Press Releases and Statements

Statement by Amy Wilkins, Vice President of The Education Trust, On The End Of The Chicago Teachers Strike

WASHINGTON (September 19, 2012) — Last night, Chicago’s teachers did the right thing by voting to end their strike while the final details of a new employment contract are negotiated. As a result, after nine long days, 350,000 schoolchildren — more than 80 percent of whom come from low-income families — are finally back in the classroom.

Statement by Amy Wilkins, Vice President of The Education Trust, On The Chicago Teachers Strike

WASHINGTON (September 10, 2012) — Overall, the Chicago teachers strike is deeply upsetting. But it is especially tragic for the low-income students who don’t have a moment of academic time to waste. 

This strike needs to end now. And the agreement that ends it needs to be one that creates conditions to boost Chicago’s dismal achievement, particularly among its low-income students. 

Statement from The Education Trust on the House subcommittee markup of appropriations bill for FY 2013

WASHINGTON (July 18, 2012) — Earlier today, a House appropriations subcommittee passed a bill that would slash more than $1 billion from next year’s federal education budget. However, the bill protects a number of programs that provide much-needed support for low-income students — among them, Pell Grants and work-study benefits for college students, and Title I and IDEA funding for K-12 education.

Statement from The Education Trust on the interest-rate extension for federally backed student loans

WASHINGTON (June 29, 2012) — Today, Congress did the right thing by protecting low interest rates on college loans for more than 7 million students already struggling to afford higher education and learn their way into the middle class.

Common-sense strategies for improving working conditions in high-poverty, low-performing schools are critical to attracting, keeping strong teachers

WASHINGTON (June 27, 2012) — Much attention has been paid in recent years to developing meaningful teacher evaluation systems as a strategy to improve public education, and rightly so. But while states and districts implement better ways to identify their strongest educators, too many are giving short shrift to the culture and work environments in schools – particularly in high-poverty and low-performing schools – that make them satisfying and attractive places to work.

The Education Trust Welcomes Higher Education Research and Policy Analyst Mary Nguyen

WASHINGTON (June 8, 2012) — The Education Trust is proud to announce the addition of Mary Nguyen, higher education research and policy analyst, to our higher education team. Mary primarily manages the College Results Online portfolio, an interactive Web-based tool that provides facts on college graduation rates to students, parents, school counselors, policymakers, and researchers.

Statement from The Education Trust on House Passage of the Sequester Replacement Reconciliation Act

WASHINGTON (May 10, 2012) — Balancing the needs of a strong national defense, deficit reduction and a strong education system should be a no-brainer for a country with the traditions we have and the values we hold. But earlier today, the U.S. House of Representatives broke with our traditions and turned against our values by passing a budget reconciliation bill that would harm millions of American students who are trying to learn their way to a brighter future and earn their way into the middle class.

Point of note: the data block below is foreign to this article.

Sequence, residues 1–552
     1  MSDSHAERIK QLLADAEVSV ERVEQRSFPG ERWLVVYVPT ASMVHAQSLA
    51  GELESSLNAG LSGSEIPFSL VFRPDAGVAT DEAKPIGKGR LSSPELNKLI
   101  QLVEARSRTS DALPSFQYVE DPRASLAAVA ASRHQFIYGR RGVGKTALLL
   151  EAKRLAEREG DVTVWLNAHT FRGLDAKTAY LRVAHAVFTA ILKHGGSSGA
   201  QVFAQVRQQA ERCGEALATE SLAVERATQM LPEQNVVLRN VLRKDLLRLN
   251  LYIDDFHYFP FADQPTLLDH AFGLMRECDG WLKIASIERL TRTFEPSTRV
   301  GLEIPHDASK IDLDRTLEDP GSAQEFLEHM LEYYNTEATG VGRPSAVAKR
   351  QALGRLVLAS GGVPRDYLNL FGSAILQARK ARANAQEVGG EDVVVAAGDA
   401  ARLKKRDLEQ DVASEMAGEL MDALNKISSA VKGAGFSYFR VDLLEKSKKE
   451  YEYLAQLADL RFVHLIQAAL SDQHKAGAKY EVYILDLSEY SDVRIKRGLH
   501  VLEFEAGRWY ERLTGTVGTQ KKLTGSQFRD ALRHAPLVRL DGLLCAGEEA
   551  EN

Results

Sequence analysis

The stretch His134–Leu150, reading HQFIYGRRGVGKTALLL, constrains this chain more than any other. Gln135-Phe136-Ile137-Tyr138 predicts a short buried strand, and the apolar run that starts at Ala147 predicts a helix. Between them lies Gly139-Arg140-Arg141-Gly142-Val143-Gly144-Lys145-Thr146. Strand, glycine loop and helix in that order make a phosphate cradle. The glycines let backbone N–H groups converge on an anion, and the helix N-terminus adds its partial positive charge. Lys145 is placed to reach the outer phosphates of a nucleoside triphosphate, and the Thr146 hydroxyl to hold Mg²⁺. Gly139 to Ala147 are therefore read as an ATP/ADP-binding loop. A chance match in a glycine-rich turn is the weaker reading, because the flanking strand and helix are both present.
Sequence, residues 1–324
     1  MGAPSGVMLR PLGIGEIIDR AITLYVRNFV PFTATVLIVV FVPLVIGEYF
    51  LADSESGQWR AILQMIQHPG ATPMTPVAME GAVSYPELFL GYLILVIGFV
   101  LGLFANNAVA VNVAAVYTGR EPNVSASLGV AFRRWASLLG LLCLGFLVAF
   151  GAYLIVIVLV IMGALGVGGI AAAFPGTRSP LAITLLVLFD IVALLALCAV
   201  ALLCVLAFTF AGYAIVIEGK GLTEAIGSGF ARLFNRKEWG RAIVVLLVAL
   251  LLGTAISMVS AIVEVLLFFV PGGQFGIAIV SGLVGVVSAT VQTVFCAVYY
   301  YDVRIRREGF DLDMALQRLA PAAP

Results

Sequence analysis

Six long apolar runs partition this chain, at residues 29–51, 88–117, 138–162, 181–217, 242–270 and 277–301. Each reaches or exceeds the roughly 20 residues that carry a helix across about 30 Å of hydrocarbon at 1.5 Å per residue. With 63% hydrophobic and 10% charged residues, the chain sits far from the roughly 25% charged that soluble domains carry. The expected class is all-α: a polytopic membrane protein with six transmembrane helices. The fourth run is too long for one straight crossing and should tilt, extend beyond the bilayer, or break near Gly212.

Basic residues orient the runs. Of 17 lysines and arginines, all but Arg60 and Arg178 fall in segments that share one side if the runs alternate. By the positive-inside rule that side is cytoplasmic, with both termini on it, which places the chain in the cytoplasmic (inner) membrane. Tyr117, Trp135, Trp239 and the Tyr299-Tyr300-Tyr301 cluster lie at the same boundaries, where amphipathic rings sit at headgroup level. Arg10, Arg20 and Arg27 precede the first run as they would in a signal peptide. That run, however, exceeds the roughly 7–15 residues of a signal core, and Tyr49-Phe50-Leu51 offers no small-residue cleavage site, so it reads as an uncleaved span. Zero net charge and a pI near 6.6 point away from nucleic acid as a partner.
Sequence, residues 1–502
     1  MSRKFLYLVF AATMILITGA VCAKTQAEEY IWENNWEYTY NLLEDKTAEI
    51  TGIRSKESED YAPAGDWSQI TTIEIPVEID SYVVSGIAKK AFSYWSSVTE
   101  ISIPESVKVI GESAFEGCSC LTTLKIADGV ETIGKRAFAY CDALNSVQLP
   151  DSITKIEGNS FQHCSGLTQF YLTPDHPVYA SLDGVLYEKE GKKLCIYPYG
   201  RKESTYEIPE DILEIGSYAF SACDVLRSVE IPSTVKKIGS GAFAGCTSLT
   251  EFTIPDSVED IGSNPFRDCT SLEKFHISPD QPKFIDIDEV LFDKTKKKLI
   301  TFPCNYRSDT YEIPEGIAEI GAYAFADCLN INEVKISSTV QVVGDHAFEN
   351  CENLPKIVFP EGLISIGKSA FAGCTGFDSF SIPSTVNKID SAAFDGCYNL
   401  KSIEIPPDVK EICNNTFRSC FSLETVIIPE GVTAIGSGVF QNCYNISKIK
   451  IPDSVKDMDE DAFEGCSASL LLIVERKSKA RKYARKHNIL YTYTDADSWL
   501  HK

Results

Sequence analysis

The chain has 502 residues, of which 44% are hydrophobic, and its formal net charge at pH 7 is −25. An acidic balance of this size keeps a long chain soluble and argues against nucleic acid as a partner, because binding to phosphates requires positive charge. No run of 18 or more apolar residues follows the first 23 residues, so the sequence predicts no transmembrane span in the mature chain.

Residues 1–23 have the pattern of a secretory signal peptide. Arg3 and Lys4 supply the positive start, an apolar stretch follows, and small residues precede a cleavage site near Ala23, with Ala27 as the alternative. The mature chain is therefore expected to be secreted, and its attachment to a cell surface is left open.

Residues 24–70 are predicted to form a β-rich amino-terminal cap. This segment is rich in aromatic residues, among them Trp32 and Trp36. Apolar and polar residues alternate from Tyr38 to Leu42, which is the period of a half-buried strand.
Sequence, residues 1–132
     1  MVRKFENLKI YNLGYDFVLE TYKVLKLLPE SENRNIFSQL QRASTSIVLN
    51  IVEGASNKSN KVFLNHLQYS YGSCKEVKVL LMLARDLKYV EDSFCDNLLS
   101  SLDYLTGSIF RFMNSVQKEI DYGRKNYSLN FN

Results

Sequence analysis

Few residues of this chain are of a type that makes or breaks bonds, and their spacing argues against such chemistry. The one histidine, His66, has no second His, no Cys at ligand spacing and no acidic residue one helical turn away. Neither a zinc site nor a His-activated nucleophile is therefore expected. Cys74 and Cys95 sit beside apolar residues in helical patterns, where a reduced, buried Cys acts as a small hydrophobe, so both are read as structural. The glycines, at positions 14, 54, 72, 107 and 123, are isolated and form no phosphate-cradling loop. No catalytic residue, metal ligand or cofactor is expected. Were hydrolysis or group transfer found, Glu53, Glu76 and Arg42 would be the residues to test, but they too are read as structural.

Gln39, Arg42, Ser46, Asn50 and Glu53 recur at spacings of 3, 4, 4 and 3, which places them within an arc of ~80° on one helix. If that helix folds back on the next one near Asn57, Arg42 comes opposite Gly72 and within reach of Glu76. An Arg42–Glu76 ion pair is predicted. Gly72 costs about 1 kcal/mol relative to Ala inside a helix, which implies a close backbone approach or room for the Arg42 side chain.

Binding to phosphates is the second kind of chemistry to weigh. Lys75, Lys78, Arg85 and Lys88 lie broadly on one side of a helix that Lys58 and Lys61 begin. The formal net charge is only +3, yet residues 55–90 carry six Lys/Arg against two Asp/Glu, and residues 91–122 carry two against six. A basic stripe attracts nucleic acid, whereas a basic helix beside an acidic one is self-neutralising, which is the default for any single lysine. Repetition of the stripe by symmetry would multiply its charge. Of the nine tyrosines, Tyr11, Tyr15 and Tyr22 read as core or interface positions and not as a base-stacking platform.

Midterm report of Access to Success Initiative shows increases in both enrollment figures and degrees conferred, driven largely by low-income and minority students

WASHINGTON (May 3, 2012) — Even before concerns about the economy focused national attention on lackluster college-attainment rates, a cadre of state public higher education systems leaders came together in 2007 to form the Access to Success Initiative. These leaders — all members of the National Association of System Heads — set about to use the power of systems to leverage change in order to meet two ambitious goals: increase the number of college graduates in their states and ensure those college graduates reflect the demographic makeup of their states’ high school graduates.

Statement from The Education Trust on the passage of H.R. 4628, the Interest Rate Reduction Act

 WASHINGTON (April 27, 2012) – On behalf of the millions of hard-working students struggling to pay for college, the U.S. House of Representatives passed the Interest Rate Reduction Act earlier today to help maintain low interest rates for federally backed student loans. With similar efforts moving in the Senate, we are pleased to see Congress put politics aside and take the issue of college affordability seriously.

Tuition rates are skyrocketing, increasing nearly twice as fast as healthcare costs and more than four times faster than inflation. Americans now owe more than $1 trillion dollars in student debt, and our country’s low- and middle-income college students are struggling to keep up.

College- and career-ready standards efforts must equip teachers with strong supports to help students meet new, higher expectations

WASHINGTON (March 30, 2012) — For years, our nation’s public schools have struggled to bridge the gap between what high schools require and the skills and knowledge students need to be successful after graduation day. To close that gap, 45 states and three territories are adopting a common set of college- and career-ready standards.

But those higher standards represent a massive expectations shift, one that must be coupled with rich supports for teachers if the new standards are to be more than an empty promise of higher achievement for our nation’s students.

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